To provide a brief background, the blockchain is the structure by which value is produced and conserved in cryptocurrencies.  Through a complex system of checks and balances, rewarded for solving algorithms, “miners” validate transactions by mathematically verifying them against previous transactional history of the asset in question. A “block” is created when transactions consolidate after nodes in a given network unanimously corroborate their veracity. From the block, the “miners” compete to solve a highly complex algorithm; the winner receives a coin and the block is added to a “chain.”  An innovation has thus emerged onto which legal institutions must overlay their concepts.

Firstly, blockchain disputes run up against jurisdictional issues. The ubiquitous and decentralized nature of the blockchain requires careful consideration of the relevant contractual doctrines.  Applying the rules of whatever jurisdiction in which each node transacts would pose two problems: (1) the location of the transaction in question would be incredibly difficult to pinpoint; and (2) requiring compliance with every single potential location’s rules would be overwhelmingly unwieldy.  Therefore, choosing a governing law for the entire network is essential to ensure certainty.

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Most, if not all, of our readers are familiar with e-commerce websites and related transactions.  Notably, Amazon.com’s empire, as well as other forms of e-commerce such as iTunes subscription services or purchasing an e-Book are part of these transactions.  In recent news, one of China’s largest e-commerce websites is being sued in the United States for selling counterfeit and knock-off products. Shares of the company, Pinduoduo, plummeted after news of the lawsuit was made public.  Currently, six law firms are in the process of filing class actions on behalf of investors who purchased shares of Pinduoduo.  The company went public in the United States earlier this year, raising over $1.6 billion from investors. Pinduoduo is traded on NASDAQ under PDD, and currently has a $25 billion market cap.

Pinduoduo is known for combining online shopping with entertainment. It was founded in September 2015 by Colin Guang, a former Google employee.  As of now, however, the company has faced an influx of negative media in China, with claims that the platform sells knock-offs of major brand names. This selling of fake goods could give investors standing to sue.  If the investors were misled, and invested because of the false information, they will have a cause of action under the federal securities laws. Executives of companies, and insiders who communicate information to investors about a company, have a duty not to make any misleading or materially false statements about the company.  This includes information about the financial health of the business.

Started only three years ago, Pinduoduo had 295 million active users and 4.3 billion total orders in 2017.  China is the largest online retail market, with other e-commerce names such as Alibaba and JD.com.  Pinduoduo sells groceries, electronics, clothing, and household items, among other things.  While Amazon may be the number one e-commerce website in the United States, Pinduoduo is the second larges e-commerce website in China behind Alibaba.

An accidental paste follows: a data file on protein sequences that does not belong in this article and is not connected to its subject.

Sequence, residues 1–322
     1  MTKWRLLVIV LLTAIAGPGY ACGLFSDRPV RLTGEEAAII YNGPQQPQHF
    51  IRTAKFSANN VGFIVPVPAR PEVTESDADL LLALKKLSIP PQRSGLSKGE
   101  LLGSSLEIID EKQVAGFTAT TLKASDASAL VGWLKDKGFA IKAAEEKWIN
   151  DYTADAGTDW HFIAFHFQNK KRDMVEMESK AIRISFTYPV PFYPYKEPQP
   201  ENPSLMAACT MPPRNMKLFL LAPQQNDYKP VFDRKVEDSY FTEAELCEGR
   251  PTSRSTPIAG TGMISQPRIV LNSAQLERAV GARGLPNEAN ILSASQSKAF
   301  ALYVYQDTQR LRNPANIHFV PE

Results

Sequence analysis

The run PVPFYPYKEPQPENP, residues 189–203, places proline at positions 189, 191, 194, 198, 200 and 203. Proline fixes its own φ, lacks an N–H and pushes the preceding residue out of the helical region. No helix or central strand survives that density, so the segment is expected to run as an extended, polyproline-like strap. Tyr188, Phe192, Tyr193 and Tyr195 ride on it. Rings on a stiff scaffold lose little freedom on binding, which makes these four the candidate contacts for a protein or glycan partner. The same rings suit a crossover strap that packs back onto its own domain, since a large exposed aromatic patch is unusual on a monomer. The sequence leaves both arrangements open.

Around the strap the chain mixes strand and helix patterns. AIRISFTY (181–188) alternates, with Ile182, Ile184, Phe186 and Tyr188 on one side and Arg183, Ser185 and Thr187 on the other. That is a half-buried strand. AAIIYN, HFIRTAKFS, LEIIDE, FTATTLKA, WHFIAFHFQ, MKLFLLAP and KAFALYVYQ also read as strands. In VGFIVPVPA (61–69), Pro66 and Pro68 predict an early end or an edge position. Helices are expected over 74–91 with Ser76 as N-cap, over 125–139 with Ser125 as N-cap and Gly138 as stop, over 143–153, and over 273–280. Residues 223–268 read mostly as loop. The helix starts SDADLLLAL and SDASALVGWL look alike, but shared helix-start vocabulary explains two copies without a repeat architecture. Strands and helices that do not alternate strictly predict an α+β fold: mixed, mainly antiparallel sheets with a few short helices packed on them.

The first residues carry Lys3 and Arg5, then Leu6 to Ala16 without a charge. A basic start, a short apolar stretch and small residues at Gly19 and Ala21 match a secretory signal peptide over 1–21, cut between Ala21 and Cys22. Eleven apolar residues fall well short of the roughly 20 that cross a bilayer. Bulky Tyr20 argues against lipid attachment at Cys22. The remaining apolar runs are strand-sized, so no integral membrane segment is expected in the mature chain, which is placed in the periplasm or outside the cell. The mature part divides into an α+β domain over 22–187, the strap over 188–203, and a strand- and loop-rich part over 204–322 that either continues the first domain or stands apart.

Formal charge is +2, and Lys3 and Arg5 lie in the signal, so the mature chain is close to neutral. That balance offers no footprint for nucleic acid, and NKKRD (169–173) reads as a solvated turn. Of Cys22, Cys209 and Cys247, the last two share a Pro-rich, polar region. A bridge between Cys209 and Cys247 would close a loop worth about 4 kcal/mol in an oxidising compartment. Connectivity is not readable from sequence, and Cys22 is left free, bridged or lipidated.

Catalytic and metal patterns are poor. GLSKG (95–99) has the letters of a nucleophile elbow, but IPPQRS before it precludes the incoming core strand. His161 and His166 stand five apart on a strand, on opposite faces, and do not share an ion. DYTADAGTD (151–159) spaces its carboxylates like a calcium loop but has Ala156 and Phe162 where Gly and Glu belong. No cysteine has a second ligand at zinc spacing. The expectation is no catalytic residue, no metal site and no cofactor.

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For this week’s blog post, we will be discussing a recently decided copyright law case, in which a foreign broadcaster was held liable for violating the Copyright Act when they allowed United States users to access copyrighted material through a video-on-demand website.  The specific case is Spanski Enterprises, Inc. v. Telewizja Polska, which was decided on appeal by the United States District Court for the District of Columbia.

In this case, Spanski, who is a foreign broadcaster, uploaded copyrighted television episodes to its website, and then projected the episodes onto computer screens in the United States for visitors to view.  The court held that in doing this, Spanski was in violation of the Copyright Act.

Taking a step back, we will briefly discuss what makes a work copyrightable.  In order for a work of authorship to be copyrightable, the work must: (1) be fixed in a tangible medium of expression; (2) be original and not a derivative work; and (3) display some level of creativity (i.e., typically just slightly more than a trivial amount).

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For this month’s blog posts, we will be discussing some of the most recent Supreme Court cases that have been decided this year.  Specifically, we will address cases that are likely to have an impact on internet, e-commerce, technology, business, and cybersecurity laws.  We will start with a discussion of Murphy vs. NCAA.

Murphy vs. NCAA was decided on May 14, 2018, and generally was the Supreme Court ruling in favor of states’ ability to legalize sports betting.  The Supreme Court overturned the Professional and Amateur Sports Protection Act (PASPA), which previously prohibited all but a few states from legalizing sports gambling.  In Murphy, the Supreme Court held that PASPA violated states’ rights to make their own decisions regarding the legality of sports gambling.  The Court explained that Congress cannot commandeer states to enact or enforce a federal regulatory program, which was essentially what PASPA (as a federal act) was doing towards the states.

Many states, such as New Jersey, are thrilled with this decision.  They view it as an opportunity to generate revenue, prevent black market gambling, and help their economy.  The Court’s decision in Murphy empowers states with the ability to legalize and regulate an estimated $150 billion sports betting industry that was previously illegal.  New York, Connecticut, West Virginia, and New Jersey are among the 20 or so states already introducing legalizing legislation.